The rains came and we chased the black skies over the short grass plains from Ndutu up to the Moru Kopjes. Wildebeest and zebra in every direction, also following the scent of the sweet new grass coming up through the dusty ground. They never stop walking, these herds that make up the migration; driven by rain, or just the promise of it, they spend their entire lives on a march encountering innumerable terrors along the way.
We drove through the middle of huge herds, like Moses parting the waves, but they just kept on walking. We passed a lion on his look-out rock, he was also watching the storm approach as the wind whipped through his wild mane. We were in an open car so couldn’t stop but for just a moment, we had started already to feel the first few drops, smelled them long before as they sank into the dust.
Standing on the back of the pick-up, laughing and feeling like we were the luckiest people on this earth to be out here. Got into camp just as the sky split apart with the the loudest thunder I had ever heard. Drinking wine on the mess tent veranda, feet just inside and out of the rain, wrapped in Maasai blankets, starting every time the lightning hit, almost to the ground. More wine consumed around the lantern-lit table, putting the world to rights as the hours rolled by. Woke later, much later, with buffalo all around my tent, their regular munching of grass soon pushed me back into safari dreams.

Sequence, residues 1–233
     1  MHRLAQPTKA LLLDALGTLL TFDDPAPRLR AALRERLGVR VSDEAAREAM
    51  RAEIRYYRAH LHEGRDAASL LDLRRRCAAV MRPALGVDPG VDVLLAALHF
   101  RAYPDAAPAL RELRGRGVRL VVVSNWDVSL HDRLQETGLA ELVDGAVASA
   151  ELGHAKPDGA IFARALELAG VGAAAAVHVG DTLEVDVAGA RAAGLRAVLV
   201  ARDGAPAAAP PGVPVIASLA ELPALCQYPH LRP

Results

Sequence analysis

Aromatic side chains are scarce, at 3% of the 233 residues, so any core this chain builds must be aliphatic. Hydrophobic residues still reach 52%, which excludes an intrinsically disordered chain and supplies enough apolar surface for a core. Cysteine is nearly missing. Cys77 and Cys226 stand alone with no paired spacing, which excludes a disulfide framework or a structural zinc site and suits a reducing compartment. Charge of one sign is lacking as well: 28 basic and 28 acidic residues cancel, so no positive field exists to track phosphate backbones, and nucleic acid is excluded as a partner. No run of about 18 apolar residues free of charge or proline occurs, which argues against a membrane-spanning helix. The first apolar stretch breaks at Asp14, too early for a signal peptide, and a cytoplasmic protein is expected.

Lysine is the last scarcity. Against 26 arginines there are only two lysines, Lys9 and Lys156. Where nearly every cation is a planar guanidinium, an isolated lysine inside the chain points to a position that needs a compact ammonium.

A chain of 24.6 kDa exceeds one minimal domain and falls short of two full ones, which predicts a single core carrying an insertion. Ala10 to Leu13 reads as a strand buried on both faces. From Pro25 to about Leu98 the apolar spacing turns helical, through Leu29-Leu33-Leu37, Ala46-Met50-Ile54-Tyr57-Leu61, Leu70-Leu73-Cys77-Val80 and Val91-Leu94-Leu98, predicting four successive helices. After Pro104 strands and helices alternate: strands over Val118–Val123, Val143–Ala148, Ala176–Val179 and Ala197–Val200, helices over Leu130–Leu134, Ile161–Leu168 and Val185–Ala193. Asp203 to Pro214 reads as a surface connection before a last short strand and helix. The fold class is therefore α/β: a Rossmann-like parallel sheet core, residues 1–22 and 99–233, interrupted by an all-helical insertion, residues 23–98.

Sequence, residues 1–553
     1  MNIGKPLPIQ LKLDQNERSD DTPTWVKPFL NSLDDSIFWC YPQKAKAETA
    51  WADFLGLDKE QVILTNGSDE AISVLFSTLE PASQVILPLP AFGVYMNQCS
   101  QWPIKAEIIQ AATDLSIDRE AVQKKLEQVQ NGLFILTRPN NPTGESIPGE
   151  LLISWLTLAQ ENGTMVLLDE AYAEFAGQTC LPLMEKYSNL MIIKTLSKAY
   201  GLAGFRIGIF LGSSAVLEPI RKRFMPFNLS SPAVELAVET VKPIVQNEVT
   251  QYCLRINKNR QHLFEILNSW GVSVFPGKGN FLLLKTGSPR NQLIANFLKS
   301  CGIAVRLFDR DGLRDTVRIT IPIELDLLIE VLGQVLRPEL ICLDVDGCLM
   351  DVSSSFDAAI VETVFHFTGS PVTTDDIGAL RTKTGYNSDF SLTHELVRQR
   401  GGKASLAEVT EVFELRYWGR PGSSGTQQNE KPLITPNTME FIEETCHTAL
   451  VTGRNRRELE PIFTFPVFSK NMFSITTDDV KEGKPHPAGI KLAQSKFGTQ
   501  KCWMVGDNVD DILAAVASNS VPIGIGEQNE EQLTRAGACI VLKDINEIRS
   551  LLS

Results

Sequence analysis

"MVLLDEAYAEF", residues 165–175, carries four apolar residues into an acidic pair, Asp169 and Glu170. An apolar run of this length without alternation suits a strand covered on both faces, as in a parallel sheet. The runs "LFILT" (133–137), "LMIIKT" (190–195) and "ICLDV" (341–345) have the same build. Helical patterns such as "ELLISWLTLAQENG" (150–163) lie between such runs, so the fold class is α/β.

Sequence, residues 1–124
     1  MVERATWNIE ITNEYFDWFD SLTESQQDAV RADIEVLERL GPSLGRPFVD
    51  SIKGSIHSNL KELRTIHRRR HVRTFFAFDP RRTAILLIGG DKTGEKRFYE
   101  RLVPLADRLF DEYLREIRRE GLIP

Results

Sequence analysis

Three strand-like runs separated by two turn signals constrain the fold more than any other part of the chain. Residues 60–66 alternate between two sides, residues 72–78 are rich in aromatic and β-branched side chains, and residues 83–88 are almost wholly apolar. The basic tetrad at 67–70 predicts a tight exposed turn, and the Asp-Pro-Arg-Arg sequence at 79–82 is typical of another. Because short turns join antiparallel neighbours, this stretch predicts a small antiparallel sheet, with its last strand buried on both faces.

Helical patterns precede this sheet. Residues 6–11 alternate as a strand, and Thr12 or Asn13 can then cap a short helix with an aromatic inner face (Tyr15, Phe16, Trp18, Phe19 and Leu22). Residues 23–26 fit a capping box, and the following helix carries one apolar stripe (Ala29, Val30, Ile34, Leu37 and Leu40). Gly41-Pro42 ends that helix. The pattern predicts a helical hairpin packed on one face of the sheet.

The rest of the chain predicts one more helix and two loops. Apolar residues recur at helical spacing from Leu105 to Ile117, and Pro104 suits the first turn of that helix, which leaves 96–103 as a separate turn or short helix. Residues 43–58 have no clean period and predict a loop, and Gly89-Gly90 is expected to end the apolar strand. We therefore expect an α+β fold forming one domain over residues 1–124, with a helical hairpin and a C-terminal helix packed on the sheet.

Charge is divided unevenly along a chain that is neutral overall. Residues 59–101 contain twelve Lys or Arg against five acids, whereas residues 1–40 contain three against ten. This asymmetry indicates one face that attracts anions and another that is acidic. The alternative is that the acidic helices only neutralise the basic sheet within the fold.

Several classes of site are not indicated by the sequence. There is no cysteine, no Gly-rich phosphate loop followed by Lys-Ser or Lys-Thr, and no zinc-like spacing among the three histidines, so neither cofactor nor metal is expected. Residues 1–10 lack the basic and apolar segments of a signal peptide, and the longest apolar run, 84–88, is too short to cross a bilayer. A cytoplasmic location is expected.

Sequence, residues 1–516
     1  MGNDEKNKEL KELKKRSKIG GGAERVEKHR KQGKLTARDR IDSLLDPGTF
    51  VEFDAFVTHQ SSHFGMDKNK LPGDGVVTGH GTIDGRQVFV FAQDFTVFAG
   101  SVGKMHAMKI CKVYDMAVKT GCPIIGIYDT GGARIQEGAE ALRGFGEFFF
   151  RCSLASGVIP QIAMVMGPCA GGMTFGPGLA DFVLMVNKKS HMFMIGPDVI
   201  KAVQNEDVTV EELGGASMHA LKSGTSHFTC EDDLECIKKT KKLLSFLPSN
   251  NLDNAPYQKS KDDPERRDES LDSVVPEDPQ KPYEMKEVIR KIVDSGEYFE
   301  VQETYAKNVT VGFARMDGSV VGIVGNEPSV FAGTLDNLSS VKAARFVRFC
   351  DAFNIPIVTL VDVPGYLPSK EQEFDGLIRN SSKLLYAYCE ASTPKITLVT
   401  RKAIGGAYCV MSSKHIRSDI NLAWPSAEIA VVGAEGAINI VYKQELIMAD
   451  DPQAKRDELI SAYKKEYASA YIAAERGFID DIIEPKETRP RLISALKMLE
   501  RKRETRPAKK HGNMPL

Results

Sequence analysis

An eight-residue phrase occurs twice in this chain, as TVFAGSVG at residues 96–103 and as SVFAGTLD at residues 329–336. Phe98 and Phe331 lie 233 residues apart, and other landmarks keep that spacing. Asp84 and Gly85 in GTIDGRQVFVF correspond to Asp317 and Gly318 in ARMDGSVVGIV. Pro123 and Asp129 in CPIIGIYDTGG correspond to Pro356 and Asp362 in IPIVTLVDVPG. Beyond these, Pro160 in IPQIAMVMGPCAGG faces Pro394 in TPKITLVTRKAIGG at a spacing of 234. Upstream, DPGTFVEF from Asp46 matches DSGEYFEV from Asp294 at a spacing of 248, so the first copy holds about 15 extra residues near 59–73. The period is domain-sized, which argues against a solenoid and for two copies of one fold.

At sunrise the migration were all around us, they had filed into our valley during the night and now stood docile in the fragile light. We sat with mugs of steaming coffee on the still wet grass. Sometimes I imagine no other life than this one.